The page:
written by Love Isn’t Enough contributor Max Reddick; originally published at soulbrother v.2
A couple of months or so ago at the end of the summer, my wife and I planned a trip with a few other African American couples we know just to have one last bit of fun before summer ended. When we first conceived of the idea, we bandied about several suggestions, but all of them seemed so absolutely done.
Someone suggested a cookout at the beach, but I was beached out, and I don’t particularly find the beach all that fun. Of course, Disney and/or Universal Studios in Orlando were offered, but we go to Orlando several times a year already so that was out. And in that same vein, someone suggested Busch Gardens in Tampa, but that too was voted down.
Then my wife suggested that we go somewhere and do something none of us had ever done, something unlikely. And we finally decided on a destination and an activity. But on the eve of our trip, one by one the couples and families called us to say that they had to cancel, that they would not be going. And each couple and family proffered the same excuse: “We all talked and decided that that’s just something black folk don’t do.”
Evidently, all of the black folk got together, or at least enough to form a quorum, and decided that black folk didn’t do such things.
And when we arrived at our destination, we found that they seemed to be very right in their assessment. My family was the only African American family present. The other African Americans there were there either with their white spouses or partners or friends.
But nonetheless, we had the time of our lives, and my children talked about the experience for days afterward. This was an experience that they, that we, will never forget and our lives are richer because of it.
In thinking about this, I remember something my grandfather said on numerous occasions when I was a young man, but I didn’t understand then. He would say that if black folk had to discover anything, it would never be found because black folk didn’t like to step outside the familiar.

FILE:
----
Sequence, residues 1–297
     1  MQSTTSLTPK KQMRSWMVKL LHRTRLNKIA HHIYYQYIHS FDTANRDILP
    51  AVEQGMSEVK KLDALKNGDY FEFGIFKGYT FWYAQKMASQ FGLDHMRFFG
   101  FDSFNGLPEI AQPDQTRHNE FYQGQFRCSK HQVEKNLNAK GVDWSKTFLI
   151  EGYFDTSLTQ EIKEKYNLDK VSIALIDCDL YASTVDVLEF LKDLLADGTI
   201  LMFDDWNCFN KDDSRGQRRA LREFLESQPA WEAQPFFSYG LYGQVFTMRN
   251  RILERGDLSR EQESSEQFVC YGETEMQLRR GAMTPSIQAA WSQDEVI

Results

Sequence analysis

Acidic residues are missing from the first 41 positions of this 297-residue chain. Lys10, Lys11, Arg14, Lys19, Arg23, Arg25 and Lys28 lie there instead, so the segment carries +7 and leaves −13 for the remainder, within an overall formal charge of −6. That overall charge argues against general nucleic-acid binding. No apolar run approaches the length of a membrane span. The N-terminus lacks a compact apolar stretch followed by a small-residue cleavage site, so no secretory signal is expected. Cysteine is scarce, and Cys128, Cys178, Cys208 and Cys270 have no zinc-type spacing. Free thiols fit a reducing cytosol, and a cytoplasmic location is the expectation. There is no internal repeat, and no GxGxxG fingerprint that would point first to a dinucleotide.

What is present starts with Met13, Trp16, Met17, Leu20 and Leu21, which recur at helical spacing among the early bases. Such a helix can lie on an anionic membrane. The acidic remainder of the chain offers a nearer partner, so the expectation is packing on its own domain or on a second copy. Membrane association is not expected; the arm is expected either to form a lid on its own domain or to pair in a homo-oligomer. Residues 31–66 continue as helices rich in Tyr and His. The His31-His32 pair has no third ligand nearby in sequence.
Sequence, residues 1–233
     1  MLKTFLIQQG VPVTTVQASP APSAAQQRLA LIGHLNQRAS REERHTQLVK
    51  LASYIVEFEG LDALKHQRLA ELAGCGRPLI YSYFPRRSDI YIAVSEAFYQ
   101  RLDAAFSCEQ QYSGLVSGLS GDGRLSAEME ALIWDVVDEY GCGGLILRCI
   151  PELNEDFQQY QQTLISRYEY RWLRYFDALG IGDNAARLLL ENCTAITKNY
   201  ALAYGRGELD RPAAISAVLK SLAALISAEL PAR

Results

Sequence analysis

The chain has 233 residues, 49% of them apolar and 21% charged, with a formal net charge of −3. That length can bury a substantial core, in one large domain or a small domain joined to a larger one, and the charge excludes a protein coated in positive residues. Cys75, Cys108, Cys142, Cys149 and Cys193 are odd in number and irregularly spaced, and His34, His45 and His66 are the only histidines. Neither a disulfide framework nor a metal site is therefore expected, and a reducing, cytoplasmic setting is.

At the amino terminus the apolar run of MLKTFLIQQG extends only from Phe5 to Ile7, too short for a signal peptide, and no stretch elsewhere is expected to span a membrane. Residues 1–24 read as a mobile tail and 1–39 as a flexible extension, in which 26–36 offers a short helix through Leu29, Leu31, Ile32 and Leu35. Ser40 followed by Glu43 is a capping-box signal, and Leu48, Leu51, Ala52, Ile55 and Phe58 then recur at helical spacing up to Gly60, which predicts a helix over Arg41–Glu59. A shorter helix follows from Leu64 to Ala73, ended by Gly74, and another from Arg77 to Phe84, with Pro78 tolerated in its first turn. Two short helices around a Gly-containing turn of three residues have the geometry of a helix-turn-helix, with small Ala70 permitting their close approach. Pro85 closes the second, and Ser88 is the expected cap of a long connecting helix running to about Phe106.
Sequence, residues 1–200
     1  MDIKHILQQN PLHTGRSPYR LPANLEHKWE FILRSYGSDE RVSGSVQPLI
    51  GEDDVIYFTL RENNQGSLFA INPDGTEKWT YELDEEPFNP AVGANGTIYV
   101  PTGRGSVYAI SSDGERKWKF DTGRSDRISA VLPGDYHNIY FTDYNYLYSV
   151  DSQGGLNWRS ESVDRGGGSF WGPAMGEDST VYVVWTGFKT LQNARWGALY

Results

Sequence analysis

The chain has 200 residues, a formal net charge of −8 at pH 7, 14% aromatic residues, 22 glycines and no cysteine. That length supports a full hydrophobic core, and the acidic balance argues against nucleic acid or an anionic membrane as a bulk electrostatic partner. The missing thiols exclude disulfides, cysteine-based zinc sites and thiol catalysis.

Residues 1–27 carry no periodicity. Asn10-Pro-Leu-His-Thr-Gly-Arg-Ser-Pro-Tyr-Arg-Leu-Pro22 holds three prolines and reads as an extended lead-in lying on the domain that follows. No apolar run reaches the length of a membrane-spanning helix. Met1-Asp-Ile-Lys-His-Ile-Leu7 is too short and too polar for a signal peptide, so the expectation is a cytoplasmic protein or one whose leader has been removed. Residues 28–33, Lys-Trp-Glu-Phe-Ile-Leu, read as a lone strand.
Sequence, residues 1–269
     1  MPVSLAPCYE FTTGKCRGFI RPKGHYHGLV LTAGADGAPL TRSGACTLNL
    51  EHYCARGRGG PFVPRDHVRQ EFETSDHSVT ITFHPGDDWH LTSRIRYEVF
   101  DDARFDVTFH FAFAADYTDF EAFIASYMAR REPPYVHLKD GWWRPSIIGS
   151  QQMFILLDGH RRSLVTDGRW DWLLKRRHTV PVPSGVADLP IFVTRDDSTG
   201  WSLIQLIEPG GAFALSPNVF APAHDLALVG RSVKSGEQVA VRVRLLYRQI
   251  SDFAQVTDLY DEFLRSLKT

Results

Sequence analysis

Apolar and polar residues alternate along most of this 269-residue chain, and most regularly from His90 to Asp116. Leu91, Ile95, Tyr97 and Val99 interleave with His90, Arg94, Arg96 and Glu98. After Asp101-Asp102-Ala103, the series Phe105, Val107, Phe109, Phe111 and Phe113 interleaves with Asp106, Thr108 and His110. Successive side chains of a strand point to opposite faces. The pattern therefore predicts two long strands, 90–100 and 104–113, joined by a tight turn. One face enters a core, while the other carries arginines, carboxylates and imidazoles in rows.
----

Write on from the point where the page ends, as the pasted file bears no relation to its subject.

And this might seem to be a small thing to you, but the implications are much bigger. Perhaps, we can best look at this through philosopher Wittgenstein’s notion of the umvelt. Wittgenstein used that notion to explain that an individual’s knowledge of the world was limited only by the limits of that individual’s access to the world.
In other words, experience translates to knowledge, and we can further extrapolate that knowledge translates to opportunity. So, when we limit our experiences, we limit our knowledge, thus we limit our opportunities.
And I see this all too often when I am out in the community. Too often I encounter African American children not living up to their full intellectual potential simply because they believe studying and achieving is simply something little black kids do not do. And when I inquire of their dreams and aspirations as adults, the very few who do not want to be rappers or singers or professional athletes all name the same handful of occupations: cosmetologist, firemen, policemen, teacher, doctor, lawyer.
Not that these are not noble, worthwhile occupations, but there are so many others to choose from. They are so grossly uninformed of the wide range of possibilities, of opportunities, open to them simply because of their dearth of experiences.
And when I inform them of all the possibilities outside those few mentioned, the response is always the same: “Is that something black folk really do?”
You know, I had a friend in graduate school, a young African American man, who was studying something like forestry management science or national park management science or something of that nature. I don’t remember exactly what it was, but I do remember it was something that black folk don’t usually do.
And the National Forestry Service was so anxious to attract black folk to do it that they were willing to pay for him to receive a master’s degree and a doctoral degree and then hire him right out of school at a starting salary of about $65,000. When I saw his contract, I kind of wish that it was something this black man had done.
But if we are to increase the opportunities available to us and our kids, we must increase our willingness to explore our world. We must explore the full range of experiences available to us. We must step outside our zone of comfort, and go to those places we have never been before, and try those things we have never tried before. And if we begin to do this, oh the places we could go.